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K, Alan Kaufman to Stanley Kunitz

Alan Kaufman
“American Spoken Word Poet” Alan Kaufman’s personal site has disappeared, but he’s still everywhere on the Web, as poet, editor of The Outlaw Bible of American Poetry & trumpeter of the Spoken Word movement.

John Keats
John Keats (1795 - 1821) was of the second generation of Romantic poets, after Wordsworth and Coleridge , and he was a city boy, spending most of his short life in London before he moved to Rome in a vain attempt to combat the tuberculosis that killed him a short time later. The house in Hampstead where he lived, fell in love with the girl,...

John Keats
At John-Keats.com, you’ll find not only his biography, his poems and letters, but an active Keats community in the discussion forum. His portrait, an image of a handwritten letter, poem manuscripts, a photo of Keats House in Rome and audio readings of several of Keats’ poems are in the British Library’s Keats exhibition.

Robert Kelly
The unstoppable Robert Kelly & his collaborator, German conceptualist poet & chief mischief maker Schuldt, have produced Unquell the Dawn Now, a homeophonic destruction of Friedrich Hölderlin’s Am Quell der Donau. Not to be missed, if you ever have the chance to see his operatic rendition of it live.

Jane Kenyon
Wonderful poet who died too young (but not before writing that most lovely & enduring prayer, “Let Evening Come”), Jane Kenyon has since been eloquently memorialized by her husband Donald Hall -- see Life at Eagle Pond, an online exhibit about their life together from the University of New Hampshire’s Special Collections. Several of her poems are also at Mark Mosko’s Secret Poem Page.

Robert Kidney
Robert Kidney is a poet, a rocker, a bluesman. With his brother Jack he leads the Numbers Band aka 15 60 75, out of Cleveland, Ohio. Modern is just old hat chromed. . .

John Kinsella
Australian poet John Kinsella hosted Poetryetc2, a lively international poetry discussion list, and he is the editor of Salt. In 2001 he came to the U.S. to teach at Kenyon College in Ohio.

Kenneth Koch
Poet of wit, serious whimsy & broad range, Kenneth Koch died in 2002 at the age of 77. His poems online include “One Train May Hide Another,” “Talking To Patrizia” & “Variations on a Theme by William Carlos Williams.”

Kenneth Koch
There is no better place to begin getting to know Kenneth Koch than Jacket Magazine’s collection of memories, poems & tributes from many of the poets who knew him or studied with him.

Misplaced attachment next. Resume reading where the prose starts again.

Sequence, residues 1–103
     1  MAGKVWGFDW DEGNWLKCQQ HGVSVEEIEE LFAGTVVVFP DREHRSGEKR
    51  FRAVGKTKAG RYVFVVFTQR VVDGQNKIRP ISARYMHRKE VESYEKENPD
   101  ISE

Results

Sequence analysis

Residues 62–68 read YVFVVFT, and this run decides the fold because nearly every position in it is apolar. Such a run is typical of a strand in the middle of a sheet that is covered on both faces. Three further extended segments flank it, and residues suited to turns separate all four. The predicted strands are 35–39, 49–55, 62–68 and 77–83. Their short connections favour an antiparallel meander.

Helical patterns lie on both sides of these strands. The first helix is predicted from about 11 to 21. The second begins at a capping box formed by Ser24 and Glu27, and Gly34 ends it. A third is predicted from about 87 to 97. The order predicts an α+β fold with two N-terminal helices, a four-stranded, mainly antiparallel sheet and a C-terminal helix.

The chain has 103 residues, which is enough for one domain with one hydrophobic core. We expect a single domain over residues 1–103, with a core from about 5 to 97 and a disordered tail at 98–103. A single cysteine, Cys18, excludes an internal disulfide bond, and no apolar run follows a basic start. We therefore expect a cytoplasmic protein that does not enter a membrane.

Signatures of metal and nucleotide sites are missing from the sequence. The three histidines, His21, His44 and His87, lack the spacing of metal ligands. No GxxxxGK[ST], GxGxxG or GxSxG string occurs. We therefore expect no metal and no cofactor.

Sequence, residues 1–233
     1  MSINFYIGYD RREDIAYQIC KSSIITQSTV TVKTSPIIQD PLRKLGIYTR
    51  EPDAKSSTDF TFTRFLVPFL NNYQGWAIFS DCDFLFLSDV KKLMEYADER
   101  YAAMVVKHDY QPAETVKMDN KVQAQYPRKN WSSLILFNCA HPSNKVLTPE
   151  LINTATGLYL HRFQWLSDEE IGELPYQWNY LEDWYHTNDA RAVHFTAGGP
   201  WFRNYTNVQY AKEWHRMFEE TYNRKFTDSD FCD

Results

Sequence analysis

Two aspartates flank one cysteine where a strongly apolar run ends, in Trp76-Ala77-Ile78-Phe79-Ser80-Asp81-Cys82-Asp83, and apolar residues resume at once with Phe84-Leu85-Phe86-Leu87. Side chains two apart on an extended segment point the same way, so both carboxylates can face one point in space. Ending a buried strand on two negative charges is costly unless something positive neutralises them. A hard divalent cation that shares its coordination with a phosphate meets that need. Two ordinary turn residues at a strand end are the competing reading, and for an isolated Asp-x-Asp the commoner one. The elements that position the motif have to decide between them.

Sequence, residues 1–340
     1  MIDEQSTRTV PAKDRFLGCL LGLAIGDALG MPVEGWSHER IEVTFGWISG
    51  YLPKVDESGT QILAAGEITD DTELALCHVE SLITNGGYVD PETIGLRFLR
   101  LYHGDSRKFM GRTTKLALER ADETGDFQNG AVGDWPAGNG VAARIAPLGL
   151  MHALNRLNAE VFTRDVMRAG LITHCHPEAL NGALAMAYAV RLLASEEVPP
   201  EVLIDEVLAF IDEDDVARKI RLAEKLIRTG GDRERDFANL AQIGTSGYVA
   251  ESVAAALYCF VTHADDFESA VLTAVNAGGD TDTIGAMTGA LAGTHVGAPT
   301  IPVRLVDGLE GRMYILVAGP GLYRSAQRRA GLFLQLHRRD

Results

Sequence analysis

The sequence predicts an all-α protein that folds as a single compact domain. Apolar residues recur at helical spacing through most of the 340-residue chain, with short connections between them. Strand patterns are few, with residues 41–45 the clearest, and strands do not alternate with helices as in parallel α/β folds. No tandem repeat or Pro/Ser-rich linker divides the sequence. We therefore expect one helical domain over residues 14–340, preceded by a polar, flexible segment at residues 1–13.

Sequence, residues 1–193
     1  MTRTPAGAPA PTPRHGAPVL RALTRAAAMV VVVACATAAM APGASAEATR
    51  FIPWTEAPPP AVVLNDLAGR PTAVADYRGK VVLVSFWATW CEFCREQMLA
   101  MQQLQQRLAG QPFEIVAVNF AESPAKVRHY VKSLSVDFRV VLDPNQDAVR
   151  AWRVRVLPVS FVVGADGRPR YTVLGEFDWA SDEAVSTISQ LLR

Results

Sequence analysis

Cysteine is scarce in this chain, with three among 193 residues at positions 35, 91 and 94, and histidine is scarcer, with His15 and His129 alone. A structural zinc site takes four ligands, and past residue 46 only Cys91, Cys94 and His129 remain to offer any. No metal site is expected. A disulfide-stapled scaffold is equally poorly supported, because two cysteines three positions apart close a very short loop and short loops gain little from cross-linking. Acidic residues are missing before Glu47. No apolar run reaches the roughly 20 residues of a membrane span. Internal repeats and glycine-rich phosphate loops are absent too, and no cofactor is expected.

Kenneth Koch
Koch was not only a beloved poet, but a pioneer in teaching children with poetry -- see the excerpts from his Rose, Where Did You Get That Red? in the Academy of American Poets’ exhibit, “Serious Play: Reading Poetry With Children.”

Yusef Komunyakaa
One of our correspondents chose Komunyakaa’s as favorite performance in 2000: “He’s a very musical reader, and his ‘earthy’ voice lends itself to the material he reads. Sort of like wooden windchimes and a tenor sax.” Komunyakaa’s poem “Facing It” is one of the videos at the Favorite Poem Project.

Yusef Komunyakaa
You can hear Komunyakaa read such poems as “Yellowjackets” & “Slamdunk” in RealAudio at the Internet Poetry Archive, and there’s a collection of interviews, quotes & commentary at Modern American Poetry.

Ted Kooser
Named U.S. Poet Laureate in 2004, Ted Kooser is a Midwesterner through & through, born in Iowa and living in Nebraska, “the great middle.” He is a people’s poet who worked as an insurance executive and rewrote his poems if they were not accessible to his secretary (who was not educated beyond high school).

Ted Kooser
Four of Kooser’s poems are in Billy Collins’ Poetry 180 project, and Poemhunter.com has five Kooser poems.

Sharon Kourous
Sharon Kourous teaches high school English, is a member of Zeugma Poetry Workshop, & has work appearing in such classy places as Piedmont Literary Review & The Lyric. You can read her poems online at Poetry Magazine & The Melic Review.

Stanley Kunitz
Stanley Kunitz (1905 - 2006) was laureate, gardener, founder of the Fine Arts Work Center & Poets House, teacher & beloved mentor to generations of younger poets.

Stanley Kunitz
Kunitz was our nonagenarian Poet Laureate in 2000, and he appears twice in the Favorite Poem Project videos, once as reader of Gerard Manley Hopkins’ “God’s Grandeur” and once for his own poem, “Hornworm: Autumn Lamentation.”

Stanley Kunitz
One of our Museletter correspondents gathered a collection of Kunitz quotations on the making of poetry when he was named Laureate in 2000. There’s also an interesting 2001 interview with Kunitz posted in RealAudio at NPR, and a 1997 interview at AAP.

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